Cropping Patterns

The agricultural land devoted to different crops in a region or state or country at a particular point of time is called the cropping pattern. The cropping pattern of a region is an outcome of a long term agricultural practices, social customs and traditions, physical conditions and historical factors.

Features of changing crop-pattern

Climate - rainfall, temperature, humidity; soils, size of farms, availability of fertilizer, good quality of seeds, irrigational facilities and price incentives are the factors which effect cropping patterns.

A. Dominance of food crops over non-food crops

At the time of Independence, more than 75 per cent of the total area sown in the country was devoted to the production of food crops. Gradually with commercialisation of agriculture, farmers in India have started shifting area to non-food crops.

Now, relative share of area under food crops has declined from 76.7% during 1950-51 to 65.8% during 1999-2000. This trend shows commercialisation of agriculture in India.

B. Variety of crops grown

Almost every kind of crops are grown in India as it is endowed with a variety of soils. These crops can be grouped into (a) Food crops (b) Fibre crops (c) Oilseeds (d) Medicinal plants and spices.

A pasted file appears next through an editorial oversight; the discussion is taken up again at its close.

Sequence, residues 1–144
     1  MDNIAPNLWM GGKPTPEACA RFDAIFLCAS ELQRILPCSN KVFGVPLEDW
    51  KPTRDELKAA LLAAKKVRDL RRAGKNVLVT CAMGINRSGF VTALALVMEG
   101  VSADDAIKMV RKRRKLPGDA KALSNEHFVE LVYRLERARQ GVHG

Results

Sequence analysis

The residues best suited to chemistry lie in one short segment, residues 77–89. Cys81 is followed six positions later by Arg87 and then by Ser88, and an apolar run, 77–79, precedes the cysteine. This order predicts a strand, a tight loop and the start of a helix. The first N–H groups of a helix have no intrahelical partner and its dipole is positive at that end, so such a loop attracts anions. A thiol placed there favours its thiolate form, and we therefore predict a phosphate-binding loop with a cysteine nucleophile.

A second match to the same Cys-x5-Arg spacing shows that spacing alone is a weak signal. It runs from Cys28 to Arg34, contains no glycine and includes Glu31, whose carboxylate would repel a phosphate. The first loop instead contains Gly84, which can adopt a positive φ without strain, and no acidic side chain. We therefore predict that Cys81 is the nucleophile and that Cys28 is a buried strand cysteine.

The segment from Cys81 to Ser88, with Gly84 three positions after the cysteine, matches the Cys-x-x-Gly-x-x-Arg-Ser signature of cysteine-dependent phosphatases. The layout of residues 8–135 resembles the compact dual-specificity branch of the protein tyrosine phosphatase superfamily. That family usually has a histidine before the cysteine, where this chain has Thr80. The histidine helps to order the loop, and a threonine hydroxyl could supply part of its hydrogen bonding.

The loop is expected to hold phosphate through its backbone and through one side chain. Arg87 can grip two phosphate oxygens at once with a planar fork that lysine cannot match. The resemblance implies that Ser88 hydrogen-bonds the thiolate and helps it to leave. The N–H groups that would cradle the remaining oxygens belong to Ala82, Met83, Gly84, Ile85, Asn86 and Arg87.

Food crops are of two types - cereal and non-cereal. Among the cereals rice, wheat and millet are important. Pulses come next and then oilseeds. Similarly a number of spices and medicinal plants are also cultivated throughout the country.

Emphasis is placed now on production of oilseeds, because a large amount of foreign exchange is spent on import of edible oils. Special attention is also given to production of medicinal plants, fruits, flowers and vegetables.

C. Dominance of cereals among food crops

Within broad group of food crops cereals like wheat and rice dominate. About 82 per cent of the area under food crops has been put to cultivation of cereals. This is due to better prices, less risk in production and the availability of better seeds.

D. Decline in coarse cereals

Jwar, Bajra, Maize, Millets, Barley, etc. are called coarse or inferior cereals. The area under these crops to the total area under cereal crops has declined significantly from 48 per cent in 1950-51 to about 29 per cent in 2001. This is due to spread of irrigation facilities, improved inputs and a shift in consumption patterns of the people.

E. Declining importance of Kharif crops

There are mainly three cropping seasons in India (i) Kharif (ii) Rabi (iii) Zaid. The Kharif season corresponds to the rainy season, while Rabi season with the winter. The short period in between the harvest of the Rabi crops and the sowing of the Kharif crops is called the Zaid season.

Till recently, Kharif crops have been contributing the large share in the crop production in India. But this dominance is on the decline. The share of Kharif has declined from 71 per cent in the 1970’s to 49 percent in 2003-2004. This makes a significant change in Indian agricultural practices after Green Revolution.

This change is important because it would lessen uncertainty in crops production, as Rabi crops are more reliable than Kharif ones. The Kharif crops are not reliable because they are mostly dependent on rainfall. The most parts of India get rainfall from monsoon which is unreliable.Contrary to this, mostly Rabi crops in India are raised on irrigation which is comparatively reliable.